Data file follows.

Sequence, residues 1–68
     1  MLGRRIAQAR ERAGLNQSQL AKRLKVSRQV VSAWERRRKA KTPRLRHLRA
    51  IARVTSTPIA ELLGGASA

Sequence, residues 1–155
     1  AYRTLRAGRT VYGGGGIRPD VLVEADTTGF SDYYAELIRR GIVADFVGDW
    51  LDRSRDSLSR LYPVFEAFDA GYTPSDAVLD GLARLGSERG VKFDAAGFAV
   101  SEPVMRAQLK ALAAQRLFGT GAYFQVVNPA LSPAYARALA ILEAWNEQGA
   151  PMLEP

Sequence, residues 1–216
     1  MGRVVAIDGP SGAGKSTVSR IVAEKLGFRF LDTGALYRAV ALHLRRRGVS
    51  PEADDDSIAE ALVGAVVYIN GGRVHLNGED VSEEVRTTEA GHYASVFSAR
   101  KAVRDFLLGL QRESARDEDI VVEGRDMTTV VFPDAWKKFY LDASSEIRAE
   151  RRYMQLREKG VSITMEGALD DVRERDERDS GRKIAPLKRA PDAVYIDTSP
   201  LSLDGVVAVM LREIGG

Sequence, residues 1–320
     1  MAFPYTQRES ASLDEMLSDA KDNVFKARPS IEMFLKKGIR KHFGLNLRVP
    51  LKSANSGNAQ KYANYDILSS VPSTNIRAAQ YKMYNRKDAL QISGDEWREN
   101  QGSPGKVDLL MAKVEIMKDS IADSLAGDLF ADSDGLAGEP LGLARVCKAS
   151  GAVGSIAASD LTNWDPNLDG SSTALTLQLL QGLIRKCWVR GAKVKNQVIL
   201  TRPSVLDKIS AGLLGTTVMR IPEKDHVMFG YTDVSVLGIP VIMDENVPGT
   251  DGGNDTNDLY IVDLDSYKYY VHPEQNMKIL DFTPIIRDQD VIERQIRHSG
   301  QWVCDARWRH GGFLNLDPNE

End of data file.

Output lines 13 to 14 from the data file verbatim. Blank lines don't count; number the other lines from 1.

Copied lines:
   151  RRYMQLREKG VSITMEGALD DVRERDERDS GRKIAPLKRA PDAVYIDTSP
   201  LSLDGVVAVM LREIGG